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Where’s the FOMO? In-Person Events Need Interactivity

If attendees can watch speakers on YouTube, they are going to need something more than just a talk to draw them to an event.

I have a confession. I once overslept at a conference and missed some of a keynote address that I had planned to write about. I arrived late, with wet hair and a caffeine-deprivation headache, and began taking notes just as the speaker said, “and the third thing to consider…”
Fortunately, I was able to find the entire presentation online. That allowed me to cover the first two things I missed and pause the video at the slides that flashed past too quickly in real life to absorb. Which begs the question: why show up for a live event if you can just YouTube it? Sarah Michel, CSP, vice president of professional connexity at Velvet Chainsaw, says any speaker charging more than $5,000 will have video footage online for review. But, she asks, with access to so much content online, where is the fear of missing out that drives attendance to live events? 
One of the best ways to create FOMO is to hire speakers who involve the audience in a way that will stay with them long after the conference is over. In our March issue, we highlight nine interactive speakers who make their audiences experience the event, rather than passively listen. One keynoter has the audience adopt a fictional disability to feel the frustration of struggling to communicate. Another leads the audience through laughter exercises to demonstrate the link between the physical and the emotional—and to kick off the conference with a belly laugh.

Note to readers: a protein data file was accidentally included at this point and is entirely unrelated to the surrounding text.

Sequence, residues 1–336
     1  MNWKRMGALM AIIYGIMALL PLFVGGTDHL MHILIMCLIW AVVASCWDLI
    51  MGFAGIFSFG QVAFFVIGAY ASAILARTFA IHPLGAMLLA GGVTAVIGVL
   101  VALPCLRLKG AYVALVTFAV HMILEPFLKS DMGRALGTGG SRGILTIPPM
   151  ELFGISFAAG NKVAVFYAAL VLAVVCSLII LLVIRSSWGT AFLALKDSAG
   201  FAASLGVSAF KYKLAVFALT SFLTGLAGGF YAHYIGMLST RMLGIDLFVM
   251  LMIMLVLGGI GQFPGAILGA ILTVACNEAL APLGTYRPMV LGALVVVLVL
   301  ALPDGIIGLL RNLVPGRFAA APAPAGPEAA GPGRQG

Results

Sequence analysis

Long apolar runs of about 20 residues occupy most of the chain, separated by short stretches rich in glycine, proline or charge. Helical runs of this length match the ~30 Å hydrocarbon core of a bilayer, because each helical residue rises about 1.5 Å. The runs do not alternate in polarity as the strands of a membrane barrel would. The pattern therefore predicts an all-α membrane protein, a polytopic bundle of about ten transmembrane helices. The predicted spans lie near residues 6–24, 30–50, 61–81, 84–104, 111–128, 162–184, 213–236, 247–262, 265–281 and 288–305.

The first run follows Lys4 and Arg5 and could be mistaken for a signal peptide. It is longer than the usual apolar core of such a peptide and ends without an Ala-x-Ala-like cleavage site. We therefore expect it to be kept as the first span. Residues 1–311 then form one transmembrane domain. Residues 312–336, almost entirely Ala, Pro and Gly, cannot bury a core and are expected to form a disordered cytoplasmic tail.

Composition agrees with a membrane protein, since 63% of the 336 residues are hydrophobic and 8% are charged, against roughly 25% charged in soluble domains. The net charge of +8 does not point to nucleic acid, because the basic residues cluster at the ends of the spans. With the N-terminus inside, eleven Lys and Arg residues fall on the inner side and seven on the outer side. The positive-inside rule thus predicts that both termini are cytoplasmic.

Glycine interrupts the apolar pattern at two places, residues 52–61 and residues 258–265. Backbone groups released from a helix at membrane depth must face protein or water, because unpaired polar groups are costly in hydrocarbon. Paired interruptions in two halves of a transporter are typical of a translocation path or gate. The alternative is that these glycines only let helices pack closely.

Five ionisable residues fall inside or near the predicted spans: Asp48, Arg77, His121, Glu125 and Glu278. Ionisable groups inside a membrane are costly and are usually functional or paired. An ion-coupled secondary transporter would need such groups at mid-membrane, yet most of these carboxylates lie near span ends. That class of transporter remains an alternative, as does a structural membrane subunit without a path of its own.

The value in interactive speakers is not just to get your attendees to say to their colleagues, “You had to be there,” although that’s probably the best marketing you can get, but science says that heightened emotions help the brain retain information for the long term. 
If it wouldn’t be appropriate to hire a laughter therapist or orchestra conductor for your event, check out our advice on helping your own speakers actively engage the audience, and also get tips on finding the funds to pay for the speakers your audience deserves. 
One last thing: If you are stuck with a keynoter who has a 90-slide PowerPoint and can’t engage with the audience, do us all a favor and schedule a later start time so we can pick up a coffee first.

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